I can remember a different time when Gen-la was at Nalanda and Lama visited, they went to a summer fair in town, in Lavaur, and there was a game where you roll coins down a slope in the hope that if your aim is good a whole pile of coins will tip off the edge which you would win. There was a lot of screeching and laughing as they played that together. You could hear them a mile off. Of course, we were a bit disapproving of such frivolity. Well, I was, anyway.
Like a lot of Tibetans, Gen-la liked to joke. One evening, we were sitting together in his room at Manjushri. We had just been watching the news on an old black and white television which he had for a short while before he told the management to take it back to save on expenses. (The center was very poor.) He told me, “The Yorkshire Ripper stayed with me last night.” “Oh,” I said. “Where did he stay?” “Under that table there,” he replied. I didn’t know what to think! It couldn’t be true, but because I was young and had strong faith that he didn’t lie, it must have been true. It took me some time to realize Gen-la was helping me develop my own wisdom.
He stayed at Manjushri Institute until 1982. That summer he went back to India to renew his travel document. The following summer he came to Nalanda. Again, persuaded by Lama. He stayed until 1993.
While at Ocean of Compassion Center in San Jose, California, Lama Zopa Rinpoche mentioned in public and in Gen-la’s presence that when Gen-la was at Nalanda, Gen-la had had to practice patience a lot. An old friend, the late Andrea Antonietti, told me he went to Lama and went on a bit about how terrible a monk and a practitioner he was. Lama told him off, and said to him, “My Sangha are angels.” Well, Gen-la had his work cut out with this particular group of angels. Still, we did our best, and I guess he appreciated that, because he did stay 10 years.
In 1993 he was appointed abbot of Sera Je Monastery in South India by His Holiness the Dalai Lama. I was standing there while he received the phone call in the office at Nalanda. For a brief moment, there was a look of joy in his eyes. But within seconds, that disappeared, and he said to me, “This is going to be difficult. This is going to be very difficult.”
He was very popular with the monks during the seven or so years he served as abbot. He got some very important work done there such as building a sorely needed new Serje temple through an exchange of land between Sera Je and Sera Me that was only made possible due to his good relationship with the monks at Sera Je. He was also very good at dealing with people, creating harmony and promoting reconciliation. They considered him a precious jewel.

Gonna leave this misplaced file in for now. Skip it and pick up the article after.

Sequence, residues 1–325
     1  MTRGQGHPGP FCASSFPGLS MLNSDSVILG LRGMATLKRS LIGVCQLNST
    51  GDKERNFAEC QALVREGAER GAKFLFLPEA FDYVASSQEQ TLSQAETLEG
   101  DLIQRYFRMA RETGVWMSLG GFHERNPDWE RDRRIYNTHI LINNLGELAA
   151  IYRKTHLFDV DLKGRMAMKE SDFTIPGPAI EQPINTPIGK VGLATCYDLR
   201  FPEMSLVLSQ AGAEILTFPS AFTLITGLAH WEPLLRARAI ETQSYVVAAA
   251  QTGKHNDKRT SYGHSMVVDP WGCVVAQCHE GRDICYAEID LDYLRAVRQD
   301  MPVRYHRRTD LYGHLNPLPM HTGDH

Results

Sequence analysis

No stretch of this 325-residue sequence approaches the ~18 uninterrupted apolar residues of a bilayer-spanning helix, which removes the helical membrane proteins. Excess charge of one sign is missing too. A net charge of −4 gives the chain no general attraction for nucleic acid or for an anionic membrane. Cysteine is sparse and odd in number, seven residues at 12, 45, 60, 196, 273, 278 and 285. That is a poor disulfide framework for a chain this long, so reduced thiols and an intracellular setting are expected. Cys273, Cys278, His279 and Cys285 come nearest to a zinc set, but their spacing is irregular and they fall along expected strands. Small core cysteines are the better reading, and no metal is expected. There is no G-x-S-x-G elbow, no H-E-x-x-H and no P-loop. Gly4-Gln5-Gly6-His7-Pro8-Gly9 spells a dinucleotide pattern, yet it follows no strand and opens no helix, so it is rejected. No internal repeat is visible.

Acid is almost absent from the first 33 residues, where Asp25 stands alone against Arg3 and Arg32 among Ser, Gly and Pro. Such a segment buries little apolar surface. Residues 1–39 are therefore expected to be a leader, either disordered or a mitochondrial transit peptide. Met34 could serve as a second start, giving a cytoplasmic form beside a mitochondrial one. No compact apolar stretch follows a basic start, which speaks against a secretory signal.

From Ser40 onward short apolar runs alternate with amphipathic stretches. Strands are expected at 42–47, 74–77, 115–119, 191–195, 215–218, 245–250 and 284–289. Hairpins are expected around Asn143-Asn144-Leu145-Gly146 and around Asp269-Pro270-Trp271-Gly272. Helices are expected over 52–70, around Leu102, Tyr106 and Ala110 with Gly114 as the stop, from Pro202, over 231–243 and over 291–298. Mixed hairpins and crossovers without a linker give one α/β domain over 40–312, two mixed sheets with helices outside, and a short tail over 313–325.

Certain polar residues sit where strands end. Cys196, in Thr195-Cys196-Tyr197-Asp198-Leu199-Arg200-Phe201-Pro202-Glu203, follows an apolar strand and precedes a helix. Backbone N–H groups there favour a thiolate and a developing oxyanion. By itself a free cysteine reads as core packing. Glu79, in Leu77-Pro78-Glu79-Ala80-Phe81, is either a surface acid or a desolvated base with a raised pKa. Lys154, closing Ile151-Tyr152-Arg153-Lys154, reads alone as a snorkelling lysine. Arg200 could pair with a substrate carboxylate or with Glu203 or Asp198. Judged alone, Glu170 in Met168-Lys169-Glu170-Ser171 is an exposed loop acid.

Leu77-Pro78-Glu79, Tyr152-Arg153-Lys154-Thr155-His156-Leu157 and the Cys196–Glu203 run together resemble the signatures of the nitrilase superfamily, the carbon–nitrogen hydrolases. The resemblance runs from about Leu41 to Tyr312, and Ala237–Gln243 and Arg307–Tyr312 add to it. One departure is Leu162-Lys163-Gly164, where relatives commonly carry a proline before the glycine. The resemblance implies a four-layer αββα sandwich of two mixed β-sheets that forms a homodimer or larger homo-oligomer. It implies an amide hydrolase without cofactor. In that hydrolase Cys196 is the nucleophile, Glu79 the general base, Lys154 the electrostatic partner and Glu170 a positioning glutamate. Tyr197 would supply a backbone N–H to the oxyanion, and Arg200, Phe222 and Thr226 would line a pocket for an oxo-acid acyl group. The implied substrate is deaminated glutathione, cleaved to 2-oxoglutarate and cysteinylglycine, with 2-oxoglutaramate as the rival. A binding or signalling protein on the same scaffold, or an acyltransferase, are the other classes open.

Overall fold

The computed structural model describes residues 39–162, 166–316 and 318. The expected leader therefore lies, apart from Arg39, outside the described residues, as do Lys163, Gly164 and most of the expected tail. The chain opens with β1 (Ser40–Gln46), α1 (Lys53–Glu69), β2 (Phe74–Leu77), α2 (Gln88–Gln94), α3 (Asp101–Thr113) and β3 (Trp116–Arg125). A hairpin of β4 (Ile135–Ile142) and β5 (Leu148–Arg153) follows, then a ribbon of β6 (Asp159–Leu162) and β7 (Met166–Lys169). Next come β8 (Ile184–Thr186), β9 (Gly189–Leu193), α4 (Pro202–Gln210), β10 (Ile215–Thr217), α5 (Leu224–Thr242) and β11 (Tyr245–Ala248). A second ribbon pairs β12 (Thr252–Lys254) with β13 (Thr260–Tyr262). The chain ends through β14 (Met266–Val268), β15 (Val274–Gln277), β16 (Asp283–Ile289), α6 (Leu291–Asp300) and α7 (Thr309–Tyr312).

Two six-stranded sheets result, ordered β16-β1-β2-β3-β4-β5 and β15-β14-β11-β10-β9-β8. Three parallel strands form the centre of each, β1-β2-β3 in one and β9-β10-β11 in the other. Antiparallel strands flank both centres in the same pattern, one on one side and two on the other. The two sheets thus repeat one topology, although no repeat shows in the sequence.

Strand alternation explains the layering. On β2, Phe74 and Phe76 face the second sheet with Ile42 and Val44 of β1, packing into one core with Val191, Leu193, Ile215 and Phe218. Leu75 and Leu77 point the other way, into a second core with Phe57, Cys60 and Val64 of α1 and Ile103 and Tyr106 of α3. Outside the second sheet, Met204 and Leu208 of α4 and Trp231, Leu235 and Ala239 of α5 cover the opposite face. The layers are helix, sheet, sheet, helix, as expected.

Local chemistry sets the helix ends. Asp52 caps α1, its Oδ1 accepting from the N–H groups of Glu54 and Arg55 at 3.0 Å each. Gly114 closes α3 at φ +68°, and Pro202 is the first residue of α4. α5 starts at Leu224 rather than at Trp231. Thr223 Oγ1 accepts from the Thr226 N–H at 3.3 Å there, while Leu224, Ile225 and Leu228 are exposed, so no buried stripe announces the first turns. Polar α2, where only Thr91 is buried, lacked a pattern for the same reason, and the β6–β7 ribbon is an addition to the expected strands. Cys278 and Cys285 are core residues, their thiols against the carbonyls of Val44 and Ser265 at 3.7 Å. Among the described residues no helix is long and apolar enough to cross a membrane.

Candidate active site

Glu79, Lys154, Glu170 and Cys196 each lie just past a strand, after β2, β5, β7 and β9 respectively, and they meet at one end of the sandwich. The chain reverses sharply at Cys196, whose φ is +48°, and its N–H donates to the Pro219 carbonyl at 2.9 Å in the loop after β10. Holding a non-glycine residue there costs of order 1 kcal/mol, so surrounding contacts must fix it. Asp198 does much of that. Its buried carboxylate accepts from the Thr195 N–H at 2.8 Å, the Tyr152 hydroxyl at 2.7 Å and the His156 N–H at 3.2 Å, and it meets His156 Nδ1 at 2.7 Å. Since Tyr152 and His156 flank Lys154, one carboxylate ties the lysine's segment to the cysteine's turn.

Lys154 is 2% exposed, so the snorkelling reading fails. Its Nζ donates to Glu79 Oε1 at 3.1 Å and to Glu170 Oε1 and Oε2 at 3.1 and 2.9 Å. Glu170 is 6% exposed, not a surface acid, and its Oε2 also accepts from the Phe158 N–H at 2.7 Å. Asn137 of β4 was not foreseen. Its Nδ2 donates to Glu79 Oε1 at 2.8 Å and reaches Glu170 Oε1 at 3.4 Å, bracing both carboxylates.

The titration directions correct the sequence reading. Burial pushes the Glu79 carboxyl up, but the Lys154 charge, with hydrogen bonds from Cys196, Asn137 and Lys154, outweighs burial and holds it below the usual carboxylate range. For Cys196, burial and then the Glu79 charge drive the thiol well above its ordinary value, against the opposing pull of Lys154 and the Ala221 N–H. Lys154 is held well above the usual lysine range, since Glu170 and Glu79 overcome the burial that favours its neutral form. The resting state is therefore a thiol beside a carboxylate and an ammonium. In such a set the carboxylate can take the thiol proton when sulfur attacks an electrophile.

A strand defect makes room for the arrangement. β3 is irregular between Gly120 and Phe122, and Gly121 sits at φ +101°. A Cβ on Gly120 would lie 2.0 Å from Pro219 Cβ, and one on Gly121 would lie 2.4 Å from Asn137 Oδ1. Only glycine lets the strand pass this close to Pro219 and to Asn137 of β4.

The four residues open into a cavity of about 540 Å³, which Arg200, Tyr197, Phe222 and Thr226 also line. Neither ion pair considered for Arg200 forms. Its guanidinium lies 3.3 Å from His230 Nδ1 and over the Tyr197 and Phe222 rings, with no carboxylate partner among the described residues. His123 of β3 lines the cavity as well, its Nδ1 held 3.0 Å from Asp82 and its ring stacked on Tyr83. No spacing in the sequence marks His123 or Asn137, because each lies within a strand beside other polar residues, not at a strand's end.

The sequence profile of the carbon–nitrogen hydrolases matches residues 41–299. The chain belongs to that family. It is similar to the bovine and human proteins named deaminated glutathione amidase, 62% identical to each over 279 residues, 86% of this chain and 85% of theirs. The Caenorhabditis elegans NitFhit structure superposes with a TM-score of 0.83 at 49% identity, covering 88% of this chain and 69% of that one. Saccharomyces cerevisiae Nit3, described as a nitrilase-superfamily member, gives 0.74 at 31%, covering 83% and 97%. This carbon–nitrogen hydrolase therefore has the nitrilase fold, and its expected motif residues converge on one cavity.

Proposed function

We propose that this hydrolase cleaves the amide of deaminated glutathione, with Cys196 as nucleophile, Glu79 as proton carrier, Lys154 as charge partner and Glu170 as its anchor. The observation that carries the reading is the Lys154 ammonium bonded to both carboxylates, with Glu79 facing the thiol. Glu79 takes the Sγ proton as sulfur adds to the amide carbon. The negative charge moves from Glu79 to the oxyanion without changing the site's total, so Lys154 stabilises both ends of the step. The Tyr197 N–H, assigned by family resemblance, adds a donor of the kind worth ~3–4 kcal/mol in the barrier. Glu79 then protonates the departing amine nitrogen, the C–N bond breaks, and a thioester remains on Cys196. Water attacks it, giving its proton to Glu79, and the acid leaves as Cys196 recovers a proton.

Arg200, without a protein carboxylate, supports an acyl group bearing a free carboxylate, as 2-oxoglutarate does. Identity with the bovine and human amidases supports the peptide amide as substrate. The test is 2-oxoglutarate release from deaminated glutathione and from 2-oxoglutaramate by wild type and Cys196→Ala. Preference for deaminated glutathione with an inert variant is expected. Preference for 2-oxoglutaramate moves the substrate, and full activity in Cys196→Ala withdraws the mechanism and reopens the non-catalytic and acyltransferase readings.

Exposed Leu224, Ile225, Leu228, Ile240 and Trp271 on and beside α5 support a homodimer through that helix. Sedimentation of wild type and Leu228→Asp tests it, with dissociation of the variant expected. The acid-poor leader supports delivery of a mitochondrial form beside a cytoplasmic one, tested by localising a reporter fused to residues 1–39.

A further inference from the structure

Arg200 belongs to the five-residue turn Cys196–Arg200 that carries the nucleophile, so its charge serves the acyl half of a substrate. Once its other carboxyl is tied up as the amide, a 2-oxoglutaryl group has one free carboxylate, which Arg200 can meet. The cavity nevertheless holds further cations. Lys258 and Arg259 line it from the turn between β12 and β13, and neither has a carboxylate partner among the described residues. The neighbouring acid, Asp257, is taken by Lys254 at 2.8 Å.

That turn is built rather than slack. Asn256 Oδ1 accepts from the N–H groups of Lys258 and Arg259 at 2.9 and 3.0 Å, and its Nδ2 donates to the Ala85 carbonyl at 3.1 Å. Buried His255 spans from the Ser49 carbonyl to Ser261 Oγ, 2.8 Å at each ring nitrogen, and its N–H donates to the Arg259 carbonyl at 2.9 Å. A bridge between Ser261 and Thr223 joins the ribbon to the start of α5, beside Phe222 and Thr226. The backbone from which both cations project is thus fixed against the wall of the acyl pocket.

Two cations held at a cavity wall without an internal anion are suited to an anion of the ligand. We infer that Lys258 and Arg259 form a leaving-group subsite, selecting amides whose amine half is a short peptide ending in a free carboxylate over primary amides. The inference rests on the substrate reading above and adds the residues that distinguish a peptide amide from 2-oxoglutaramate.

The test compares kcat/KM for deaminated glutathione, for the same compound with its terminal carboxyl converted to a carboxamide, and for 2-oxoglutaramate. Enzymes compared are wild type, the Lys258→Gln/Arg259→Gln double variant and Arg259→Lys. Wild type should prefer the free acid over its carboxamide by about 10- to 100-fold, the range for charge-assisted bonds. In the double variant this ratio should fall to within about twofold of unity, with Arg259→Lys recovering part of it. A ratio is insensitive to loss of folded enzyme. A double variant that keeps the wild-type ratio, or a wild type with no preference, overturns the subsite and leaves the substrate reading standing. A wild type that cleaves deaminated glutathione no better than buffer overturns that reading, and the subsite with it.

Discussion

Although as abbot he did not have much of a role as teacher, from time to time he would be called upon to talk to the monks going to debate about the lam-rim. Some of these monks said that when he taught, you felt like you were just about to get the realization of whatever topic he was talking about. It was as if he was bringing you into his experience, and for that brief moment you really got a taste of what it was like. His teachings and advice were like nectar and I always found both very effective.
In 2004, after having lived at Sera as abbot emeritus for about three years, he accepted Lama Zopa Rinpoche’s invitation to teach at Land of Medicine Buddha in California. I’d gone there separately from the UK to serve as his translator. A few days after I arrived, we received a message saying his arrival was to be delayed and I should teach in his place. He finally arrived … two years later, in 2006! During that time, he taught about emptiness each Sunday morning. These lectures were intended right from the beginning to serve as the basis for a book. He had been saying for several years that he had spent a long time in the West, that that the West had been very kind to him, housing and feeding him, taking care of him, and that he would soon be gone and wanted to leave something behind as a gift in thanks for all that. Thanks to Wisdom Publications and disciple Ven. Thubten Chodron, his wish came true in the form of Insight into Emptiness.